Building models are increasingly becoming the communication vehicle for design and construction. The industry continues to evolve and is revolutionizing design and construction in sports. “We’re still heavily reliant on paper plans but that is quickly changing,” explains Logan. “And even though we still have a long way to go, eventually integrated models will be the single source of truth; they will be the contract deliverable.”

In the meantime, other types of technology are making their way into the design and construction process. Construction teams currently use robots in the field to scan and print floor layouts—a process more efficient than laying and marking out walls manually and that eliminates the potential for human error. During the pandemic, this technology was used to print wall layouts at Climate Pledge Arena when construction crews experienced worker shortages. As robots become smarter, Michal says they could eventually be used for simple tasks like removing debris before pouring concrete or cleaning up nails and screws from a job site.

Panoramic (360°) photography is another piece of ever-evolving technology that’s changing construction. “We used to have to put six GoPros together to manually create a continuous shot,” explains Michal. “But now we have cameras giving us a 360° view of the venue space. We can continuously track construction progress anytime and have much more visibility into a project. And the technology just keeps getting better.”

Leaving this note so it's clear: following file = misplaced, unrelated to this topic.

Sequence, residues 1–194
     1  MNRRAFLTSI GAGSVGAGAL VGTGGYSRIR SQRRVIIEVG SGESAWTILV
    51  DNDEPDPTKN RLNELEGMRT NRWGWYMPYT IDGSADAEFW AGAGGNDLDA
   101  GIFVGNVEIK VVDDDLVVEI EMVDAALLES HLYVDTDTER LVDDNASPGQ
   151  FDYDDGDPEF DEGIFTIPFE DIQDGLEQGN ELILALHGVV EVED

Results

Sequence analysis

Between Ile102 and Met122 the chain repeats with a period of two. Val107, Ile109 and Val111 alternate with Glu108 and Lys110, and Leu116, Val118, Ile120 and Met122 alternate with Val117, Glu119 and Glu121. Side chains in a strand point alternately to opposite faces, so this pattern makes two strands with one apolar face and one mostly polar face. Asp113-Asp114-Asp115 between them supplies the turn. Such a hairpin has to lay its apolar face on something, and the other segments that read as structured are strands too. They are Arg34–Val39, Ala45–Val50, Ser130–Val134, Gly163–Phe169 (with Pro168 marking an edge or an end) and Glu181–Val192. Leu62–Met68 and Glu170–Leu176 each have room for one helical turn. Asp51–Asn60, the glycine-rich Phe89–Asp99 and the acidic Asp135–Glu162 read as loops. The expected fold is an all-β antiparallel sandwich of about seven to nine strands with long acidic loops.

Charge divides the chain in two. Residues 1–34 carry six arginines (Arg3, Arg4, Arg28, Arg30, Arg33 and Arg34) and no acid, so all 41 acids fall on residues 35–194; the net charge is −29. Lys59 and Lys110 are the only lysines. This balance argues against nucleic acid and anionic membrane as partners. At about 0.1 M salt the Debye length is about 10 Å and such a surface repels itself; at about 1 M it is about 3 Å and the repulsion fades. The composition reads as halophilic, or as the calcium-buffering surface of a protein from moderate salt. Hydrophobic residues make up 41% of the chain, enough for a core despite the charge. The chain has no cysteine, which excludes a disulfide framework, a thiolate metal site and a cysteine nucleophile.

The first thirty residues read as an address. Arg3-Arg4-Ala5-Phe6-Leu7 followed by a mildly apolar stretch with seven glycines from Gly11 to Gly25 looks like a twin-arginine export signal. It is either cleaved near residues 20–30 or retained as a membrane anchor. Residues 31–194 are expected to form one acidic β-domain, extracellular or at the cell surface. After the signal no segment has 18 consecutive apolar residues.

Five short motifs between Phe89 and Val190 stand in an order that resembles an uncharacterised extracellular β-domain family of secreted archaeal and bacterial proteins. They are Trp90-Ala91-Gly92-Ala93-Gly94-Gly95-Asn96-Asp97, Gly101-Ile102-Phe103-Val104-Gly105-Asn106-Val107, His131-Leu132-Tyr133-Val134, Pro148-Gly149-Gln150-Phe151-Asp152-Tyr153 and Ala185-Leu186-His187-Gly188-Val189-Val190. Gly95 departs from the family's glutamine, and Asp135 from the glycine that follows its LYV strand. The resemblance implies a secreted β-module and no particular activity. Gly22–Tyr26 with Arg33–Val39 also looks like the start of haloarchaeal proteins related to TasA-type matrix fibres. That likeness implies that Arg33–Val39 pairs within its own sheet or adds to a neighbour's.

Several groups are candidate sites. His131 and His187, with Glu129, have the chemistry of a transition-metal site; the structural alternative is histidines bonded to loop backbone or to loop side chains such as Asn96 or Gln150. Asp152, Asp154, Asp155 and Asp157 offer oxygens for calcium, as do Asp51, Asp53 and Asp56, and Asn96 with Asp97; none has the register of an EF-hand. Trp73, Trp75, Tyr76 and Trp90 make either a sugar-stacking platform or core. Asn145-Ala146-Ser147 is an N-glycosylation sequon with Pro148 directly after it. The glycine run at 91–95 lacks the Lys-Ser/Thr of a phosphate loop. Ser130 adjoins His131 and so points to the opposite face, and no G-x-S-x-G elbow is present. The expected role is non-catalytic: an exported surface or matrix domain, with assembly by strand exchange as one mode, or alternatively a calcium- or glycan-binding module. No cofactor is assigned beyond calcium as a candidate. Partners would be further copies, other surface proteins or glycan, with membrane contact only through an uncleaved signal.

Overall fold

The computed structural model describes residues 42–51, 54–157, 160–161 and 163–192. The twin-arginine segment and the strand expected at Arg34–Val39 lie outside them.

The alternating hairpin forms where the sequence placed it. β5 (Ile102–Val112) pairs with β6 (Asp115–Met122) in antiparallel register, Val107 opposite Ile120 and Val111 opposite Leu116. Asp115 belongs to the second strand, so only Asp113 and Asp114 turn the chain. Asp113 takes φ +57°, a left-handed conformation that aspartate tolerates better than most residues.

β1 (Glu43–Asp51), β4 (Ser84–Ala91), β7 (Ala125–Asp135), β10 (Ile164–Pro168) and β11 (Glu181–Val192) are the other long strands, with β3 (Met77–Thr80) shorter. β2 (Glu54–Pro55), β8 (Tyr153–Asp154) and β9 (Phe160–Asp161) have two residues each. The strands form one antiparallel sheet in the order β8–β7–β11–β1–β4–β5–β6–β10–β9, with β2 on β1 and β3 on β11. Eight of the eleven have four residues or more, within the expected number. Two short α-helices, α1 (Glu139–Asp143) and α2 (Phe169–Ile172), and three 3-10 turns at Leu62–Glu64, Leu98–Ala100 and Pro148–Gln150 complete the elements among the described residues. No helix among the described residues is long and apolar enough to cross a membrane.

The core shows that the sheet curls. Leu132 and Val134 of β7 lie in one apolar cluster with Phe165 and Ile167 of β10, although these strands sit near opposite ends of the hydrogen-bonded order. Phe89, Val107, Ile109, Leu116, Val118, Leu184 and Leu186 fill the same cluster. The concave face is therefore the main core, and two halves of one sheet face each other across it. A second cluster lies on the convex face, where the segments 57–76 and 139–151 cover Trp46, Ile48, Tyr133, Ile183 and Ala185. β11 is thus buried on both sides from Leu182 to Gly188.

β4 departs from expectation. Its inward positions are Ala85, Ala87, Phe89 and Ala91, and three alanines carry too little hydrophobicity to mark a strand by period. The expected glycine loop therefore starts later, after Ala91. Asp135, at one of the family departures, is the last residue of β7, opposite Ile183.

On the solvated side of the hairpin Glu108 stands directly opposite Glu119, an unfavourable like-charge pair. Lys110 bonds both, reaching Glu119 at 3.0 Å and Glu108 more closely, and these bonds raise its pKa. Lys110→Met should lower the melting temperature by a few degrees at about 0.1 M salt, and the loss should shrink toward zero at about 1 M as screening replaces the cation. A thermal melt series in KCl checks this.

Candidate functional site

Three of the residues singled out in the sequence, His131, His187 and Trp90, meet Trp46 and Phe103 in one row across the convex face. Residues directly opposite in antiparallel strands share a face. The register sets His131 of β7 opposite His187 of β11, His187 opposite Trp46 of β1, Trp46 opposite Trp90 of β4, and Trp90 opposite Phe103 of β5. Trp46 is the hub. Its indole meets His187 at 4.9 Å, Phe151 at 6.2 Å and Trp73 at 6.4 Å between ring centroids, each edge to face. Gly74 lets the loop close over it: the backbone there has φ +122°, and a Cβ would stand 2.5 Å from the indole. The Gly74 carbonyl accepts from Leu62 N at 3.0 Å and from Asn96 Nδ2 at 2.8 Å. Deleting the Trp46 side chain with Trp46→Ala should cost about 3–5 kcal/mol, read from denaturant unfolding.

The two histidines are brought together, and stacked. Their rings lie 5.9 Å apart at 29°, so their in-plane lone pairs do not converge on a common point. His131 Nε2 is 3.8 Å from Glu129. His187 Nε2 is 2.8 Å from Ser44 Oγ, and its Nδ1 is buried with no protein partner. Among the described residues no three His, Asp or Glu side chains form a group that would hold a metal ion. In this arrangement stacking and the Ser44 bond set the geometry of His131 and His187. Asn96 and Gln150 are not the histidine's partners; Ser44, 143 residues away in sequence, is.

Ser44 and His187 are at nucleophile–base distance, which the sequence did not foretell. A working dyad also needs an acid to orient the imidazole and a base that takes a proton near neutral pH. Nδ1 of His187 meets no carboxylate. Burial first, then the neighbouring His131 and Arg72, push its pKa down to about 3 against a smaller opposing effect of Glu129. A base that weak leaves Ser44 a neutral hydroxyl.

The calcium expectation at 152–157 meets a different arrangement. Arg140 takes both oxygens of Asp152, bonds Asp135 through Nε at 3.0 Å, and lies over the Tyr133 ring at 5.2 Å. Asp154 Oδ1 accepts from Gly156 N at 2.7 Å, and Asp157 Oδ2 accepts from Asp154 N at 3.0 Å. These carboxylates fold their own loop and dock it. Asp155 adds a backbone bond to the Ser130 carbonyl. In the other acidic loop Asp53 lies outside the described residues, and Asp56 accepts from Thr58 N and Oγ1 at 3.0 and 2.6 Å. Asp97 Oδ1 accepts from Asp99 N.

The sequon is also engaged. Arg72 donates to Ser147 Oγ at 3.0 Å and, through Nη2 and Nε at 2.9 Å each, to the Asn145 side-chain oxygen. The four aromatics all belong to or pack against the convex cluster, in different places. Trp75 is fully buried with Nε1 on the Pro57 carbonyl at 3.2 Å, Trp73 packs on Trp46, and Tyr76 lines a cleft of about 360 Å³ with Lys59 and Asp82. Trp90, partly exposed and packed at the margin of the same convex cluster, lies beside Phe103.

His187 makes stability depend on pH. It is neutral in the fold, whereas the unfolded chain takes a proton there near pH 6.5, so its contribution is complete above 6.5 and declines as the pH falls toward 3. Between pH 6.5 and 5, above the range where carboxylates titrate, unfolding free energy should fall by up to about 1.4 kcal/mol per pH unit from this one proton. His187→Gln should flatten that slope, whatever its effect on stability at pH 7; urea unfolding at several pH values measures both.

Augmented reality is an interactive experience like VR where someone can view a virtual model rendered as an overlay using their phone’s camera. All they need to do is hold their phone up at a project site, open up their camera, and scan a QR code to see the future facility directly on their device.

And of course, AI technology is evolving at lightning speed. AI is already used in comparative models but continues to shape the software and tools used to design and build sports facilities.

The possibilities are truly limitless and it’s exciting to think about what the future holds for VDC and sports facility construction.

Your Vision is Just the Starting Line

Mortenson’s Sports + Entertainment group has decades of experience on sports venues across the U.S. With a strong reputation and track record of success in handling complex projects, we are a proven partner.